Where's the outrage? It's been a solid month since this country was viciously attacked and, to date, virtually nothing is being done about it. Our president seems to be more interested in getting re-elected than defending the country. In fact he is doing everything he can to confuse and cover up the administration's foreign policy failures and the disastrous consequences of not providing adequate protection for our ambassador to Libya.
Moreover, the Times, along with most of the mainstream media, are standing by and allowing the president to get away with this damnable behavior. Richard Nixon was driven out of office for his part in Watergate and lying to the American public. This scandal is much worse. We have four dead Americans killed in the line of duty and no one is even asking the right questions — i.e., what happened, who's responsible, and what are we going to do about it? Duty, honor, country. Those ideals used to mean something in the United States of America. Evidently they don't anymore.
Dave Groff, Homosassa
Hero of war, and peace | Oct. 11
A legacy of achievement
LifePath Hospice and the entire hospice community were saddened to hear of the passing of congressman Sam Gibbons. Mr. Gibbons was instrumental in establishing the Medicare hospice benefit, which allowed more and more seniors the ability to access considerate and comprehensive end-of-life care.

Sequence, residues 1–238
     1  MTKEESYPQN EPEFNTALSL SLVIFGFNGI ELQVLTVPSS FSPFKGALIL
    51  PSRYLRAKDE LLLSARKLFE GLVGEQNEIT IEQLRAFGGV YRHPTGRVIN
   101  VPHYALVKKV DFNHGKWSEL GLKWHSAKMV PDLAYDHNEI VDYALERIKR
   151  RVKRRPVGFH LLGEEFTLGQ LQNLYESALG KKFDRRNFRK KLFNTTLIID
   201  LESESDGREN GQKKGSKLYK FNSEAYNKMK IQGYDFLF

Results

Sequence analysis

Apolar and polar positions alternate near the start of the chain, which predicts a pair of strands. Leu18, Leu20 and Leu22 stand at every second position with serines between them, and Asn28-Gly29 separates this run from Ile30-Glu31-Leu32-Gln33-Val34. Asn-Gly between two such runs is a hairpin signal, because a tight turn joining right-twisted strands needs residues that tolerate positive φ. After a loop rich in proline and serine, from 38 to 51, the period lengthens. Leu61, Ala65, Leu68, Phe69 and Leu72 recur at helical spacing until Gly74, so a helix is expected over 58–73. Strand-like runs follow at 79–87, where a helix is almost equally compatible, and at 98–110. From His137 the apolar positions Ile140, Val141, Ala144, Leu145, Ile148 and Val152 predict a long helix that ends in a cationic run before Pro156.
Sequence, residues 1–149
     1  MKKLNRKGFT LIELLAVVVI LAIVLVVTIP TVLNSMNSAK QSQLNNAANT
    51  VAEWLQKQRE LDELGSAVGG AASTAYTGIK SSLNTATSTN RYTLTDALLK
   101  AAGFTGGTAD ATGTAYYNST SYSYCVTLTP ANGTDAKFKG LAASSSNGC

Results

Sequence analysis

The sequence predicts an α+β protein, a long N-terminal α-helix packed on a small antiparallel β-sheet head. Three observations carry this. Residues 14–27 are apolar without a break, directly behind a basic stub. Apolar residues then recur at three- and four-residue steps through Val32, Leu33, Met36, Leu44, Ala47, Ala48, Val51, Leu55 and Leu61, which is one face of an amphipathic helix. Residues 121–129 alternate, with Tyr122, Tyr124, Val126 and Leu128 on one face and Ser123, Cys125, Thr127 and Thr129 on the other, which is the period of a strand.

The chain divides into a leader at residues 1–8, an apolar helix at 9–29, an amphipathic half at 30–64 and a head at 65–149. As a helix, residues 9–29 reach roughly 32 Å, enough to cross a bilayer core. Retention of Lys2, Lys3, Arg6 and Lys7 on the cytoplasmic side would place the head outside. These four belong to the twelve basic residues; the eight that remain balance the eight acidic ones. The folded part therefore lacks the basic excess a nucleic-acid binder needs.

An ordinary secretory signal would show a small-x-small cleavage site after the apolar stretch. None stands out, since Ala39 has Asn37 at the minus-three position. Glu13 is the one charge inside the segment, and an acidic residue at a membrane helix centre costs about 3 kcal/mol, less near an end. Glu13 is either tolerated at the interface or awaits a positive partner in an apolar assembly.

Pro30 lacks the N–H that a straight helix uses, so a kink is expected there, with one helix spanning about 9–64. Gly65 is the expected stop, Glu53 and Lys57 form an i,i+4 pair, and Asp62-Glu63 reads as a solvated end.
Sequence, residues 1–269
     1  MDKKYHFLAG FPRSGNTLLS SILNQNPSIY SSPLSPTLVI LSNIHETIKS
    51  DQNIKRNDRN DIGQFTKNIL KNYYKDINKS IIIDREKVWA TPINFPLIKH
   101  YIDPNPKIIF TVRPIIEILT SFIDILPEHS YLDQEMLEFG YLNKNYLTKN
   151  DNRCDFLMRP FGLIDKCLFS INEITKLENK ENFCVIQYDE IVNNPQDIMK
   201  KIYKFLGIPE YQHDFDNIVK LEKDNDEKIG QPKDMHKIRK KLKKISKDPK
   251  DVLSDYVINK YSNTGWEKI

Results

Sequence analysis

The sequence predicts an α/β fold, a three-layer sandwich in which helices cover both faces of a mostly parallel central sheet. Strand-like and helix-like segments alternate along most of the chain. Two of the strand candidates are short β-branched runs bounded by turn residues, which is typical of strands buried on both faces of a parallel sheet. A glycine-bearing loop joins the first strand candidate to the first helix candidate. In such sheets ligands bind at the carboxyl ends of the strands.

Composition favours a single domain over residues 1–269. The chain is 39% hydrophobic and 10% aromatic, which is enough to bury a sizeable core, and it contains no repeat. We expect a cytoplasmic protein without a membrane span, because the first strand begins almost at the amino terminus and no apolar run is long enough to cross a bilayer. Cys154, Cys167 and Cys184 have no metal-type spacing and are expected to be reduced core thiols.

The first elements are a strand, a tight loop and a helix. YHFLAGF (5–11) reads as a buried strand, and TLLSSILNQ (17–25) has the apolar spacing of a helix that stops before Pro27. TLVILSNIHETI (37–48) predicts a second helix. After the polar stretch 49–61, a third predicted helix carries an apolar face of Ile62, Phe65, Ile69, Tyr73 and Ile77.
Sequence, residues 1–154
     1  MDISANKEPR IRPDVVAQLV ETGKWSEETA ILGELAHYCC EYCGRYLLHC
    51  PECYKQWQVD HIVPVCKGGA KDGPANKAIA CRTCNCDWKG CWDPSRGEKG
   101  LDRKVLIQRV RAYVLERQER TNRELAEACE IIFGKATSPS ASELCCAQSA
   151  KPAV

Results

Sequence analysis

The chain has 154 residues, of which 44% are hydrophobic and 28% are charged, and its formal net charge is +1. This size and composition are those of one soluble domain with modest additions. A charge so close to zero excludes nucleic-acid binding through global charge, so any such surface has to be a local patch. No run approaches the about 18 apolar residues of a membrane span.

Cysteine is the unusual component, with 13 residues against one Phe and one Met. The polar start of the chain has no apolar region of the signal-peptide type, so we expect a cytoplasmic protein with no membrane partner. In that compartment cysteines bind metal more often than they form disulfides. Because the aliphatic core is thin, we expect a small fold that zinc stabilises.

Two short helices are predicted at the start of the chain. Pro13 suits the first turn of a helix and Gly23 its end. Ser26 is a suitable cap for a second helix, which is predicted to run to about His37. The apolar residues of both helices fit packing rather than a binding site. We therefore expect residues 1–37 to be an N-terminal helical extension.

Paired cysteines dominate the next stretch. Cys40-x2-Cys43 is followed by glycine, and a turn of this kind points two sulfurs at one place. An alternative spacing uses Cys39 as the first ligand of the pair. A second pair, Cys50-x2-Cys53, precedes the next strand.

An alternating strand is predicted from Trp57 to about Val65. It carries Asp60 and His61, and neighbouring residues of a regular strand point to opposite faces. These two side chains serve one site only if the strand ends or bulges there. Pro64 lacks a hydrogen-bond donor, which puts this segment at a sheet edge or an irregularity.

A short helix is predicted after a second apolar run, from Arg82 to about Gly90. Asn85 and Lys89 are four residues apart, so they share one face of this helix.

While Mr. Gibbons' legendary achievements will be long remembered here in the Tampa Bay area, patients and families — across the country — who are facing the challenges of life-limiting conditions will forever benefit from his foresight and compassion.
Kathy Fernandez, president, Chapters Health System/LifePath Hospice, Temple Terrace
Mindful of others' needs
I would like to express to Sam Gibbons' family my appreciation for his long service to his country. I understand and appreciate his efforts on our behalf.
My deceased husband was also a veteran of World War II, serving in India and China. His brother was in the Battle of the Bulge. I guess you had to live through those times to fully appreciate the great sacrifice we all experienced, none more so than those who served overseas.
Thank you, Mr. Gibbons, for your service then and later in Congress where you heeded the words of your grandmother to "keep ever mindful of the needs of others." You will be sorely missed.
Joyce Van Denburgh Doty, Orlando
Don't reduce court issues to 'us vs. them' Oct. 9, commentary
War on intelligence
Dean Cannon chastises the Times for alleged finger-pointing, yet doesn't mind thrusting a big one himself at "the self-selected intellectual 1 percent" who he says has recast politics as a morality play. This is a stunning admission that what I had hoped was merely a paranoid fantasy is actually true — Florida Republicans really do hate smart people.
Further, I would suggest to Cannon that, in an age when we have lobbyists writing our legislation for us, a little more intelligence in our elected officials might not be such a bad thing.
Alvin G. Wood, St. Petersburg
Big Bird in campaign spotlight | Oct. 10
Show us the math
The amount of federal funding that PBS receives is the same amount that it takes to run the Pentagon — for six hours.
Mitt Romney says he won't borrow money from China to pay for anything, but he still hasn't said how he plans to pay for the additional $2 trillion in military spending.
Show us the math, Mitt, before you cut educational TV for children. We need smarter children more than we need all the warships you want to build.
Jane Gibbons, Tampa
Long ballots could mean long waits | Oct. 11